In spite of an increased focus on patient safety and a spotlighting of medical errors, every year, Hawaii medical malpractice lawyers find that a large number of medical errors go unreported in American hospitals. That’s not all. According to research by the Department Of Health And Human Services, even after the error is reported, hospitals rarely take steps to prevent the error from occurring again.
Hospitals are required to report medical errors in order to retain eligibility for Medicare funding. Many hospitals now have fully established adverse event reporting systems in place to encourage staff members to report errors. In spite of this, the researchers found that many events that could have been serious enough to kill a patient, are going unreported.
Some of the serious adverse events going unreported include bed sores, delirium from painkiller overdoses, hospital-acquired infections and bleeding from incorrect blood thinner uses. As many as one out of every 7 medical errors goes unreported.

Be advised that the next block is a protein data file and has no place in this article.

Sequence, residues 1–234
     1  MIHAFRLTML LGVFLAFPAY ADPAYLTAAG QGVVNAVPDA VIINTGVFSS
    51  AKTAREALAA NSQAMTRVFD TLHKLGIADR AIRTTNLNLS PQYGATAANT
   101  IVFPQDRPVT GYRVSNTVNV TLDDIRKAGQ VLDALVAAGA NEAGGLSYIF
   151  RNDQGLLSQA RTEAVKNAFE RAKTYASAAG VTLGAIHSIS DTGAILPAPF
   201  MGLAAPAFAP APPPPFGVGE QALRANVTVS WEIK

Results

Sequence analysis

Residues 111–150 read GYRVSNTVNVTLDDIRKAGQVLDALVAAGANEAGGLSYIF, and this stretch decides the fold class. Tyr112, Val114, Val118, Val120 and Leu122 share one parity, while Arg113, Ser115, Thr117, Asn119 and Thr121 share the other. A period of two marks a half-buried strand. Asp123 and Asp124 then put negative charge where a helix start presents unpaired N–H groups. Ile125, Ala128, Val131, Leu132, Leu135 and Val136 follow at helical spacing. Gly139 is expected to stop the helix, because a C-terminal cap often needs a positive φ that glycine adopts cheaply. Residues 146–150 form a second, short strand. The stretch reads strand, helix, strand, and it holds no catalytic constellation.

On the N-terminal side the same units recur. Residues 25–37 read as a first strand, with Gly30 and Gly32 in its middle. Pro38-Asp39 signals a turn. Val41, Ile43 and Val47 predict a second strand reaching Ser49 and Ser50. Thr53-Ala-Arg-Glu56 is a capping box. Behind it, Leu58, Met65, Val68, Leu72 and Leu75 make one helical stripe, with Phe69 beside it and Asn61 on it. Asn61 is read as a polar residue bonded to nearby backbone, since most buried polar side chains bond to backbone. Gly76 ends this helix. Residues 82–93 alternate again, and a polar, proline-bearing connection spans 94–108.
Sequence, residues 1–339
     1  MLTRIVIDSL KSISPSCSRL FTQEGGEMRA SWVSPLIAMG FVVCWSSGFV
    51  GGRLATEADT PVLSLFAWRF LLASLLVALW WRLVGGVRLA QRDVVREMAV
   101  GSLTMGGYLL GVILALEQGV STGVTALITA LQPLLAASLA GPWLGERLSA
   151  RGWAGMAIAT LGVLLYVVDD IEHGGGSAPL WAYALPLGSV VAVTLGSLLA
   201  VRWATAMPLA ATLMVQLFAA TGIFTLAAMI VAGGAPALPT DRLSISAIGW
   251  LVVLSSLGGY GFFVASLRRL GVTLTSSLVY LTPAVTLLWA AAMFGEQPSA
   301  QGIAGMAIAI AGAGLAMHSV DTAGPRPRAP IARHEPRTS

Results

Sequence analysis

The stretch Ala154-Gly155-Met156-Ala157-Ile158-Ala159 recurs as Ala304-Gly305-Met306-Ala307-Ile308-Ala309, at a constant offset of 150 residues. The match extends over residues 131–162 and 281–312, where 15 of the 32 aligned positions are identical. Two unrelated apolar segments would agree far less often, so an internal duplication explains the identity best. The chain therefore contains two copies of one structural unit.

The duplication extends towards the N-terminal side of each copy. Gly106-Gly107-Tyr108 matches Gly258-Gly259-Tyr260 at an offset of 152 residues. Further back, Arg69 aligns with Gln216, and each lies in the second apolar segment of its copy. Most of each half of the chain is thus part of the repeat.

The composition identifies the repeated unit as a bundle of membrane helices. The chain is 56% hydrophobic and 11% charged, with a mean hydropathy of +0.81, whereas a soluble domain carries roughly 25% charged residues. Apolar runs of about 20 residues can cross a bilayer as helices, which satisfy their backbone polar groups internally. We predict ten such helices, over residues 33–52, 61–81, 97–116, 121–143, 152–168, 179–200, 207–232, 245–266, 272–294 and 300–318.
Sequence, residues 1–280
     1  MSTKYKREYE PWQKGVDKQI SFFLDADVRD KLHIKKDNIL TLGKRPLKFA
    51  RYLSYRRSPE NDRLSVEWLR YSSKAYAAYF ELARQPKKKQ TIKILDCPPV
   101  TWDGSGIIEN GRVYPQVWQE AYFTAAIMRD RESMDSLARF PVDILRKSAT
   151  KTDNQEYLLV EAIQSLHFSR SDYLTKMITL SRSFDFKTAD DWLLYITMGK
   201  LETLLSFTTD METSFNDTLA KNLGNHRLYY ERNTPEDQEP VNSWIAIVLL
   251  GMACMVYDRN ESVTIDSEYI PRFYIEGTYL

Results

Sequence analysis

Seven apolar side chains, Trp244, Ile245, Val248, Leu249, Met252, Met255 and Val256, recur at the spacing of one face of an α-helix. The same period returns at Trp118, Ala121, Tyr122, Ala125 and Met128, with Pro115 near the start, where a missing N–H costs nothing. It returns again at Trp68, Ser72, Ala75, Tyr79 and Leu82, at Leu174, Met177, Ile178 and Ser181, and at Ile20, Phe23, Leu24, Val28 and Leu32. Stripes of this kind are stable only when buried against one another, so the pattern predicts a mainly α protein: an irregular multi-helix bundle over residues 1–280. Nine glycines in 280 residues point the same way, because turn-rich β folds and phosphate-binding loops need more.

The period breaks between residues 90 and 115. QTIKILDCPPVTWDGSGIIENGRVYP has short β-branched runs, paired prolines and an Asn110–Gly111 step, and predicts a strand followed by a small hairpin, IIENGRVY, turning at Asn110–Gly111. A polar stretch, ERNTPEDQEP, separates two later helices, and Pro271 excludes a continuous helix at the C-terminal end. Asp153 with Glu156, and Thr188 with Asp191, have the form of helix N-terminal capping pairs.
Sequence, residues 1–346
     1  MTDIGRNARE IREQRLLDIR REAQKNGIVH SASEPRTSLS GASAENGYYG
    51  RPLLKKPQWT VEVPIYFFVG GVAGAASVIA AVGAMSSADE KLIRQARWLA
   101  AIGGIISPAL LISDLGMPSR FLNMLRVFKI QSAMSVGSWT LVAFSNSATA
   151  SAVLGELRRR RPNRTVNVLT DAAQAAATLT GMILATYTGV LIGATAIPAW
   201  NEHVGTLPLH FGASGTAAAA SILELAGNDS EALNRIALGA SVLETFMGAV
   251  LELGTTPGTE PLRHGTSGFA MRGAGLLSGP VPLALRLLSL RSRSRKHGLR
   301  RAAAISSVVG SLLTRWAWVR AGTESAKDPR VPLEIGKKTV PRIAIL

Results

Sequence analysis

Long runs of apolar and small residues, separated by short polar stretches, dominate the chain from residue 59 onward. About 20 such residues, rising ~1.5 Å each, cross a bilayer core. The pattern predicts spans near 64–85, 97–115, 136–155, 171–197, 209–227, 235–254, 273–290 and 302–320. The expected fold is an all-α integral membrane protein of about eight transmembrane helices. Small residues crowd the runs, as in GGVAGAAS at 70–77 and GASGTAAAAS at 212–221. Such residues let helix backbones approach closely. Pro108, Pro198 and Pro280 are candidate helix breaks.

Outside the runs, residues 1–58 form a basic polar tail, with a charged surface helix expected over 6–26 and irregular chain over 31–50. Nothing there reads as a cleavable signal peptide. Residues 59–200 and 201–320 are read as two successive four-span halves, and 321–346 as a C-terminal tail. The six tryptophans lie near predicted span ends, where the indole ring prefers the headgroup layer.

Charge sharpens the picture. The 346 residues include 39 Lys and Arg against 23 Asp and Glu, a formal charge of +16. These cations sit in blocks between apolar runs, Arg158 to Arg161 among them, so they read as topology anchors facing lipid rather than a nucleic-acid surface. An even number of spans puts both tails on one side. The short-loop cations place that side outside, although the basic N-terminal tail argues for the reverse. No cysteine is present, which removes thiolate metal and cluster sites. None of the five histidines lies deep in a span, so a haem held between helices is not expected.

It’s not as if hospitals are unaware that staff members are not reporting errors properly. According to society, many hospitals are aware that doctors and nurses fail to adequately report errors. However, they do not seem to have been able to establish a system that encourages reporting.
It’s not as if errors are not being reported because hospital staff is afraid of the consequences of reporting an adverse event. The reason seems to be a lack of understanding or awareness about what constitutes a serious medical error. Some of the errors are so common, that the staff found no point in reporting the error. Other adverse events were so rare that the staff believed that the errors were not likely to be repeated, and therefore, did not need to be reported.